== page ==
It has me thinking about how I spend time.

My father once told me, "if I could not do my job in 40 - 50 hours a week, then I was probably doing it wrong." I think he was right.

As a boss (in a start-up) I was a staunch advocate for having a life. I think we constantly draw on our outside lives during work ours for inspiration and for energy and motivation. I encourage employees to not only have a life and enjoy it, but to guard against the 80+ hour design workweek standard.

In the four years since leaving my company, I split time my time between various consulting projects and a full time graduate class and research schedule. I was doing just what I advised against… working well over 80, often over 100 hours a week.

I am now gainfully employed in the corporate sector. But if I think about my weekly routine, I am easily an 80-hour a week professional. But I think there is a difference. I spent a tremendous amount of time reading about design or business, writing about design and business, and discussing design and business. While I do lots of stuff, what I do for a living is such a huge component of my life I not only don’t mind… I love it. I keep my ‘productive’ time – that which is focused on projects for my employer, to under 50 hours a week. The rest is fun, and a great investment in my profession and my career. Does my employer benefit from that extra time spent? Absolutely. But I would be doing this stuff regardless.

For me, slightly separating my job (that 40 or so hour a week thing) and my profession (where I generate passion and a sense of accomplishment) helps. One generates the needed income. The other generates a tremendous amount of energy and momentum.

I think that passion and professional commitment are the gages that Calacanis and Arrington should really be thinking in terms of. Are those start-up employees working as a labor of love and passion? Are they committed to doing better than the best job they can? Or, are they putting in the time and logging the hours and counting the paychecks. If the later is true, then maybe they should be working in a lame corporation or better yet get a government job. Entrepreneurs, like charities and political movements, need passion and commitment from their work force... ‘cause the cause is the thing.

Dual spheres of influence

I wear a couple of hats when I am at work. The first hat, the one I am paid to wear, focuses primarily on how best to guide our portals towards the user’s needs. I am very comfortable playing that role. I regularly fight for the user experience above all else. But that is not my sole perspective.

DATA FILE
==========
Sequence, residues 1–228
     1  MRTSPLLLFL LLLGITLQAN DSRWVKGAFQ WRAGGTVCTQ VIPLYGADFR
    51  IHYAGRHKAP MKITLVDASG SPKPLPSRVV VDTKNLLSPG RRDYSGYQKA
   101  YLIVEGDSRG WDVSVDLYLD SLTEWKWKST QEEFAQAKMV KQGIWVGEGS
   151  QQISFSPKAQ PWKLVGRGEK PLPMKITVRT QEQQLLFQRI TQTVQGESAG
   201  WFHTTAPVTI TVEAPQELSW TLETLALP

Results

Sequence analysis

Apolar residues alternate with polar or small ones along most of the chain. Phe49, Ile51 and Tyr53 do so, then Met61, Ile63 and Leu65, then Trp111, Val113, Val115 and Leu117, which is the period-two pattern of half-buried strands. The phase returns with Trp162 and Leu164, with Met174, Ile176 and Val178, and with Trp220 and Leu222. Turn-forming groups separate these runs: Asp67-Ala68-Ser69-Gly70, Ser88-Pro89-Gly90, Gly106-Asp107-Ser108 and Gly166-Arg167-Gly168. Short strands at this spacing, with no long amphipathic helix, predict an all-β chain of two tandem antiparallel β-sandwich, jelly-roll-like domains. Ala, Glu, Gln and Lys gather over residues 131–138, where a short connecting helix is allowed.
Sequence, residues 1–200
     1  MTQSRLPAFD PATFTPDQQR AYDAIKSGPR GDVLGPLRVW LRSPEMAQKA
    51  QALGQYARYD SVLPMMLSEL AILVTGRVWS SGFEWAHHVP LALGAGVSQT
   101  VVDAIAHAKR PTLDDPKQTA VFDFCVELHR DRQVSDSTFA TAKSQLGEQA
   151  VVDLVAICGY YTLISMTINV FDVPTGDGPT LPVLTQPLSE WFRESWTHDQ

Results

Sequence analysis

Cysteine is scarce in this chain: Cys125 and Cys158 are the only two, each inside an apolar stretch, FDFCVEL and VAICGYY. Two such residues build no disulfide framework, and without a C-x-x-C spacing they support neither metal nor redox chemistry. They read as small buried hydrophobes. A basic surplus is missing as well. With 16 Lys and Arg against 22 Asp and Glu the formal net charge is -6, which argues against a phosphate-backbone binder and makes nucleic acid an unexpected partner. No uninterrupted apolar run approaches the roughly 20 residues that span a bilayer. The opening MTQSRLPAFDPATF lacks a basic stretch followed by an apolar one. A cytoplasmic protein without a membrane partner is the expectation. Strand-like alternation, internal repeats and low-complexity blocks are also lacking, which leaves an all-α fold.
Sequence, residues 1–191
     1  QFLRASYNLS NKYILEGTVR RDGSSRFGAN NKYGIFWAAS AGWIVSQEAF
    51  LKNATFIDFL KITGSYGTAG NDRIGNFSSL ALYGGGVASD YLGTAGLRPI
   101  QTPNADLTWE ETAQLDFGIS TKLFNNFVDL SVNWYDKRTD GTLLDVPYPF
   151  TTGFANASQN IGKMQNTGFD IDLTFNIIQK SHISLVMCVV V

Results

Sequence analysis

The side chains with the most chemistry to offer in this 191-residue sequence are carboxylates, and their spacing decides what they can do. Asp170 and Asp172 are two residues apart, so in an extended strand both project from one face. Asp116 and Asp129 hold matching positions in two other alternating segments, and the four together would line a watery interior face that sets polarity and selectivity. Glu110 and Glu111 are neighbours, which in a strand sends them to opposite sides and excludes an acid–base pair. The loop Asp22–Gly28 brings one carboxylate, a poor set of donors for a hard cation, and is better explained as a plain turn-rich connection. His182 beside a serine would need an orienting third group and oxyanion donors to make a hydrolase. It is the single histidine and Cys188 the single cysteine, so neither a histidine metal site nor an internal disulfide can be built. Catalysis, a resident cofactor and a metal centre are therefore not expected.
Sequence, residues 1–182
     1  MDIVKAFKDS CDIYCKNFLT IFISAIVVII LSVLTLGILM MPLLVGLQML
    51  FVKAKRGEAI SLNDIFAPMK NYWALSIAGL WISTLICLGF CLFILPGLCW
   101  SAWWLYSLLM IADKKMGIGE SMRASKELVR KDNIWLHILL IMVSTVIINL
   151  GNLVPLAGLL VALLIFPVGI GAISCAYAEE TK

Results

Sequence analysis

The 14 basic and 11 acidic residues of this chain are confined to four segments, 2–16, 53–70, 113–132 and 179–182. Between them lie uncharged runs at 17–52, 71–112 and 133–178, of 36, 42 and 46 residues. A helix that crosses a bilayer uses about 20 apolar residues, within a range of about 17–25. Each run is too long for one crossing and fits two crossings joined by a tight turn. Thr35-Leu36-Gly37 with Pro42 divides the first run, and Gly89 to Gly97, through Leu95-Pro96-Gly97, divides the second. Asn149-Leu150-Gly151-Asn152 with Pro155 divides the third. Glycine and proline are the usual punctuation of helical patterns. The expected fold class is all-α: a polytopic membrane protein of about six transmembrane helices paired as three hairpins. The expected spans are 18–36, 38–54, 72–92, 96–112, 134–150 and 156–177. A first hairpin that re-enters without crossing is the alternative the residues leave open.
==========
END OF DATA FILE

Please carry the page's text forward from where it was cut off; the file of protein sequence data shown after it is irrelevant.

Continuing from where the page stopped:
When philosophers discuss things they often refer to spheres of ethics. A sphere of ethics is the range for that particular set of ethics. Most of us maintain multiple spheres. We have the set of ethics we use to live our own lives by. Likely there is a slightly different (and maybe multiple) sphere that we use to determine who we hang with, who we spend time with, and who are our closest of friends. You may have yet another sphere for your community, which you would likely vote with. It would drive what you feel is acceptable in your neighborhood and what is not. You may not feel that it is ethical to drive a Hummer day to day, but that may not mean you feel strong enough to try and keep them out of the neighborhood.

While I advocate for the user, that advocacy has a business rational. The user is critical to success. If we don’t pay attention to them, the rest of the what we do is just building a house of cards. I get the bigger picture, and frankly prefer to wear that hat… that larger sphere of user advocacy. I even find that my determination and a sometimes single-mindedness towards considering the user comes and goes. But that usually depends on who else is in the room. Often the user is well taken care of and I fall back to my better balance business hat. Other times I cannot. I think I have a stretchy user sphere.